Dr Juliet Cohen: Helping torture victims on the road to recovery

Working daily with victims of torture is among the toughest jobs in medicine. Dr Juliet Cohen talks to Neil Roberts about how rewarding her vital role can be.

Dr Cohen: critical of treatment of victims of sexual violence (Photo: Freedom from Torture)
Dr Cohen: critical of treatment of victims of sexual violence (Photo: Freedom from Torture)

Behind the security doors of a modern, curved building on a busy north London street, art covering the walls and a water feature in the large, well-tended garden suggest a place where environments really matter.

Head of doctors at the Freedom from Torture charity, forensic physician and GP Dr Juliet Cohen, is clearly proud of these headquarters, which have been designed to meet the needs of survivors.

Despite the grimness of the events that bring patients here, the gardens and colours suggest hope.

Dr Cohen says it is survivors' ability to recover and rebuild their lives that helps her cope with dealing daily with victims of torture, sexual violence and trafficking.

As well as the consulting rooms where her team examine patients, collecting evidence of the brutal crimes inflicted on them, the centre hosts a range of holistic rehabilitation therapies and welfare services.

'One of the nice things here,' says Dr Cohen, 'is where people are referred into therapy groups; you can find out how they progress longer-term, and that they do recover and pick up a life again.'

Dr Cohen's team of about 70, mostly volunteer, GPs working a few hours a week, deals with patients at a more vulnerable stage. Instructed by lawyers, the team examines and interviews asylum seekers, gathering medical evidence of torture for use in claims for UK asylum.

Working in a refugee camp in Hong Kong, where she began her career as a GP after training in London, Dr Cohen befriended a Vietnamese refugee who served as her interpreter.

Dr Cohen asked why he did not give more prominence to his experience of detention, punishment and beatings in his asylum application. He replied: 'I don't want people to pity me, I want to be judged on what I said and did, not what they did to me.'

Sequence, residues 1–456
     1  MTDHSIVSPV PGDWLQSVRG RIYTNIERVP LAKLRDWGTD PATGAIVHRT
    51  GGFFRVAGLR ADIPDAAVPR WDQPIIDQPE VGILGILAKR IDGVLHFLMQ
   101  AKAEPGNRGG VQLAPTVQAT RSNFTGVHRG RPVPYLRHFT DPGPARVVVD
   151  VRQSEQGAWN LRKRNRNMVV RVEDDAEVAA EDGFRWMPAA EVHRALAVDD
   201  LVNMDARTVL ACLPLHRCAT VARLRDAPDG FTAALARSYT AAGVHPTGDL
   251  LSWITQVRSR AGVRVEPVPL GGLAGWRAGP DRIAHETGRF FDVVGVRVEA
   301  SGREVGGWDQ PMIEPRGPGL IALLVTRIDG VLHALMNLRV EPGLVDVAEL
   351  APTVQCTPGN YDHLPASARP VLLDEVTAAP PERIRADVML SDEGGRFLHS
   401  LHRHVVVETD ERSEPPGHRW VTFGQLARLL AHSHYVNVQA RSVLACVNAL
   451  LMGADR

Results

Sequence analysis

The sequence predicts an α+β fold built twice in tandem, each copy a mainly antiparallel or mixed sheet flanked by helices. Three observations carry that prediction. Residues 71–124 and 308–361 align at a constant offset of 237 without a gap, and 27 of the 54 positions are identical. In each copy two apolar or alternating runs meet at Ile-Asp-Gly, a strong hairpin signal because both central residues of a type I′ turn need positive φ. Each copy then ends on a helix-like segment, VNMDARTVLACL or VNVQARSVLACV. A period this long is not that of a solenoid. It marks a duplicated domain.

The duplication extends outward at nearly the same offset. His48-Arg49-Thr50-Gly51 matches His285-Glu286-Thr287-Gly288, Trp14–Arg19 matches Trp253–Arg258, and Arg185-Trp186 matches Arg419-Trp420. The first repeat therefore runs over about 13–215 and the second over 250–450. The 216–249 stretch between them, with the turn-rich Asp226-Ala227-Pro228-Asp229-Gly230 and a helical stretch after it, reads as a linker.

'I have never forgotten that,' Dr Cohen says.

After a stint as a GP for the Australian Navy, she came back to work in UK general practice in 1997 and took up part-time work with Freedom from Torture, becoming its full-time head of doctors in 2005.

Refugees

Refugees arrive here having fled many backgrounds and countries. But all have been subjected to some form of physical or psychological torture, usually in detention conditions, at the hands of a state. Most have been politically active.

She reels off a list of common forms of torture patients have survived - blunt trauma (batons or gun butts), sharp trauma (knives, glass, razor blades) burns (cigarettes or heated metal objects), prolonged stress positions (suspended with their arms pulled up behind them, or suspended upside down), and various water tortures, including forced immersion in filthy water.

The psychological damage is often the worst, including mock executions, or being forced to watch while family members are tortured.

And then there is sexual violence. It is Dr Cohen's experience with survivors of sexual violence that brought GP to meet her. This month she attended a global summit in London with UN special envoy Angelina Jolie, to discuss sexual violence in war.

'It's really important,' Dr Cohen says, 'because the whole problem with sexual violence is the culture of silence around acknowledging it occurs, and that people can and should be held to account.'

The summit launched the first international protocol for documenting sexual violence, developed by the UK Foreign Office, and which Dr Cohen contributed to as a member of the expert reviewers group, giving advice on interviewing survivors.

Foreign secretary William Hague said the document would 'play a vital role in shattering the culture of impunity for sexual violence in conflict'.

But Dr Cohen recognises the contradictions. She is critical of the UK's treatment of asylum seekers. While the UK treats them 'a lot better' than many other countries, many have 'suffered living in this country', with poor access to justice and health.

At the initial asylum screening interview, refugees are not asked in detail about their claims and have no legal representative, leading to many being detained. The procedure for safeguarding against continued detention 'doesn't work well', she says.

Detaining survivors of torture and sexual violence is 'retraumatising', and makes it difficult for them to collate evidence for their claim and to access specialist forensic clinical support, she says.

'The whole process is decided very quickly. They can be refused and on the plane before they even get a chance. I think that is wrong.'

GPs' vital role

Her team is made up of mostly GPs because, she says, they have the breadth of experience vital for the work, and are used to looking at the interplay of physical and psychological problems.

But it is difficult to attract busy GPs who can give up half a day a week to volunteer. 'We are always looking for new doctors,' she says. 'It's more difficult than any other medicine I've ever done and yet far more rewarding.'

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